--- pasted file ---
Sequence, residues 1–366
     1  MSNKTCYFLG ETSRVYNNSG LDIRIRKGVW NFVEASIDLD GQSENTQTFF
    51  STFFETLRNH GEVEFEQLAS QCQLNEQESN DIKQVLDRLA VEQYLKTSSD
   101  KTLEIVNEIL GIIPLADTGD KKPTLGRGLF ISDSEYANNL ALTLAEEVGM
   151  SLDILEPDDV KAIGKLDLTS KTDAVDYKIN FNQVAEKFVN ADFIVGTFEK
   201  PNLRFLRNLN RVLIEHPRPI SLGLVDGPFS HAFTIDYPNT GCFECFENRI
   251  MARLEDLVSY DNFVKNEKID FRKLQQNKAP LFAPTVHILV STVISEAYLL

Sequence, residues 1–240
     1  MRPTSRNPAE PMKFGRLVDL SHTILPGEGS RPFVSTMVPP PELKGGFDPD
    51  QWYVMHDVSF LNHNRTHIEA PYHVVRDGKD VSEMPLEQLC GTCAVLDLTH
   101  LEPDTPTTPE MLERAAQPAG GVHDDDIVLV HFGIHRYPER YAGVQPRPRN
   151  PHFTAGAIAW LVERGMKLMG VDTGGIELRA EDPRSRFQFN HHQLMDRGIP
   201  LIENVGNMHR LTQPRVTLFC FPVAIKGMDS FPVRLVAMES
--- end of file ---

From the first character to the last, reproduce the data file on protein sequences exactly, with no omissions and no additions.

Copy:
Sequence, residues 1–366
     1  MSNKTCYFLG ETSRVYNNSG LDIRIRKGVW NFVEASIDLD GQSENTQTFF
    51  STFFETLRNH GEVEFEQLAS QCQLNEQESN DIKQVLDRLA VEQYLKTSSD
   101  KTLEIVNEIL GIIPLADTGD KKPTLGRGLF ISDSEYANNL ALTLAEEVGM
   151  SLDILEPDDV KAIGKLDLTS KTDAVDYKIN FNQVAEKFVN ADFIVGTFEK
   201  PNLRFLRNLN RVLIEHPRPI SLGLVDGPFS HAFTIDYPNT GCFECFENRI
   251  MARLEDLVSY DNFVKNEKID FRKLQQNKAP LFAPTVHILV STVISEAYLL

Sequence, residues 1–240
     1  MRPTSRNPAE PMKFGRLVDL SHTILPGEGS RPFVSTMVPP PELKGGFDPD
    51  QWYVMHDVSF LNHNRTHIEA PYHVVRDGKD VSEMPLEQLC GTCAVLDLTH
   101  LEPDTPTTPE MLERAAQPAG GVHDDDIVLV HFGIHRYPER YAGVQPRPRN
   151  PHFTAGAIAW LVERGMKLMG VDTGGIELRA EDPRSRFQFN HHQLMDRGIP
   201  LIENVGNMHR LTQPRVTLFC FPVAIKGMDS FPVRLVAMES